This time around, however, Orton had evolved into the Apex Predator of WWE, sliding his way into the top spot on Raw by beating Triple H at No Mercy in an impromptu Last Man Standing match to become champion.
He had a massive target on his back from that point forward and invited all challengers to try to take that title from him.
Prior to that point, he had never before been positioned as the lead heel on any show, but he took to that role fairly quickly upon capturing the championship. He then engaged in feuds with the illustrious likes of Shawn Michaels, Chris Jericho and Jeff Hardy and successfully defended the gold against them all.
It would have been easy for WWE to bump Orton back down the card as soon as Cena returned from injury at Royal Rumble 2008. Instead, Orton emerged victorious in his back-to-back outings with his archrival at both No Way Out and WrestleMania 24, a feat few can lay claim to.
The Age of Orton was an exciting six-month period on Raw that served as a major turning point in the career of The Legend Killer. Many more world title wins would stem from this one reign of Orton's, making him a perennial player in the main event scene in the process.
Seth Rollins (2015)
It was unknown how Seth Rollins would fare in the heel role upon breaking away from The Shield in mid-2014 since he had been a babyface for the better part of his career up to that point.
Despite that, his alliance with The Authority made it easy for him to elicit heat and become one of the most despised competitors on the entire roster.
As Mr. Money in the Bank, he spent the rest of the year being built up as a credible threat in the world title picture and biding his time until the perfect moment arrived for him to cash in his contract.
Sure enough, WrestleMania 31 proved to be the right place at the right time, and his shocking WWE World Heavyweight Championship victory over Brock Lesnar and Roman Reigns couldn't have been better executed.
Not only was Rollins a fresh face in the main event scene, he was also the best all-around performer in the company in 2015, and thus it made sense to run with him as champ. His matches never ceased to steal the show on pay-per-view, and his promos were a recurring highlight on Raw from week to week.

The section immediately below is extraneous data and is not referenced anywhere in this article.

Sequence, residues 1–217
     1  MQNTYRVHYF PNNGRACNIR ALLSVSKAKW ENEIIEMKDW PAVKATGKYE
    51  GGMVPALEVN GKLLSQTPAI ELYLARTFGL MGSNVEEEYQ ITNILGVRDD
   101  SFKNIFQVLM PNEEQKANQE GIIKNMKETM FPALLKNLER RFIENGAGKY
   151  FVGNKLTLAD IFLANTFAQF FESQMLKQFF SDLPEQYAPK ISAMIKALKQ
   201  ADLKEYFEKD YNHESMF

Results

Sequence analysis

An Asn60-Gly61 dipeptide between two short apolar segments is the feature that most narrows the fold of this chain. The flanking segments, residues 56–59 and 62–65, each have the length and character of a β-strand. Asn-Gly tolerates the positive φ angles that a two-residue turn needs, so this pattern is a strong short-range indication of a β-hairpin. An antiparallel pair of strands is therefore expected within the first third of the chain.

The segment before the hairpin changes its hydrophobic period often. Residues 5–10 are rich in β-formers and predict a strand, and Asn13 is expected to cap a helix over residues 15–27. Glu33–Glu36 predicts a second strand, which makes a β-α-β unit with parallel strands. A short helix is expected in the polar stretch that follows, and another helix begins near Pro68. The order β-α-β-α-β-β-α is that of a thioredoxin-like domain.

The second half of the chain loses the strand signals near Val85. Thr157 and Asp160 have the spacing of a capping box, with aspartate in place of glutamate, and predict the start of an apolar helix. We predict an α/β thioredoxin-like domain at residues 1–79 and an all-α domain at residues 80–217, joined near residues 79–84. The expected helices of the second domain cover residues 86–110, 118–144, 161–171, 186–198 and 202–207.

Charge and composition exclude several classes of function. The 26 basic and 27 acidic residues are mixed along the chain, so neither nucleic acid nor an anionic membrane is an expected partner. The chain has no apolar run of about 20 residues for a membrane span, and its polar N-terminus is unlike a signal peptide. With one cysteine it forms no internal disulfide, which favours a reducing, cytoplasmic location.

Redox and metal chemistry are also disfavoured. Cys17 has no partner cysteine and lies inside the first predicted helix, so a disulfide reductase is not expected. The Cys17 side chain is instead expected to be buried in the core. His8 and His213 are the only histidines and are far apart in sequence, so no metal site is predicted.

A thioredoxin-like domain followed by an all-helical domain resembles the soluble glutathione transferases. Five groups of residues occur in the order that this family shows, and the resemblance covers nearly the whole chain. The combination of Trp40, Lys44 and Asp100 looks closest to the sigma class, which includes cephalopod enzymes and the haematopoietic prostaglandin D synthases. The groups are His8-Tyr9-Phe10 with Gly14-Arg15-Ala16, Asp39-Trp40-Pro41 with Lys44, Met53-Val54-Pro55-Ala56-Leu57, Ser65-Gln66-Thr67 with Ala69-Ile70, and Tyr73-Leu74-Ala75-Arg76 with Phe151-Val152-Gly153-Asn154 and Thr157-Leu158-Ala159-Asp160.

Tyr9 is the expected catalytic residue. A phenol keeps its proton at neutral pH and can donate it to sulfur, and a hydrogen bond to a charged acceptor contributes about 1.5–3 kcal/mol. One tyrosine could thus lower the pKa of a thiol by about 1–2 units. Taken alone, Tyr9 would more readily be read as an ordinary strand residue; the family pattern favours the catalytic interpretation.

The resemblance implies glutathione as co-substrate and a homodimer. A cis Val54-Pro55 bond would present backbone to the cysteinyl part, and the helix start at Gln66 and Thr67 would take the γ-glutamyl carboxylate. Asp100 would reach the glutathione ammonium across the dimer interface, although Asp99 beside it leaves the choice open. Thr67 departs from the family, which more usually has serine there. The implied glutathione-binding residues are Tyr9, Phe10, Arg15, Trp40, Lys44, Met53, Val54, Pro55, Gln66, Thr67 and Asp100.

After escaping wars with Randy Orton, Dean Ambrose, Brock Lesnar, Sting, Kane, Neville and John Cena with his title intact, he started to lose more and more matches in non-title action, hurting his stock considerably. To make matters worse, he then suffered a near-career-ending injury that put an abrupt end to his time on top.
Had the final month or two of his title reign been booked better, perhaps his stint with the strap would be remembered more fondly. Nevertheless, it was an overall amazing run that launched Rollins into superstardom.
CM Punk (2011-2013)
CM Punk's grand WWE Championship victory versus John Cena at Money in the Bank 2011 will never be forgotten by fans, for it acted as a changing of the guard in WWE and ushered in a new era that had been long overdue.
Let's not forget, Punk's premiere reign as WWE champion was short-lived thanks to a Money in the Bank cash-in from Alberto Del Rio the next month at SummerSlam. Thankfully, he was given another opportunity to rule the main event ranks when he regained the gold at Survivor Series later that year to kick off a historic 434-day title run.
Similar to Seth Rollins, every match Punk was a part of during his time spent as WWE champion was must-see, even if he wasn't always headlining pay-per-views.
The first few months of his reign were fairly basic, but he proved his worth in the role once he transitioned into a feud with Chris Jericho and successfully retained his title on the grand stage of WrestleMania.
His program with Daniel Bryan also led to a stellar series of matches in the summer of 2012. After exhausting all options as a babyface, he turned heel at Raw 1000 and breathed new life into his lengthy WWE Championship run by pairing up with Paul Heyman and counting the days he was in possession of the prestigious prize for.
He broke many records along the way and became the longest-reigning WWE title holder in nearly 25 years. Although his streak was snapped by The Rock at Royal Rumble 2013, Punk's remarkable WWE Championship reign (and the many memorable matches, feuds and promos that came along with it) will be tough to top in the years to come as one of the best in the modern era.
Graham Mirmina, aka Graham "GSM" Matthews, is an Endicott College alumnus and aspiring journalist. Visit his website, Next Era Wrestling, and "like" his official Facebook page to continue the conversation on all things wrestling.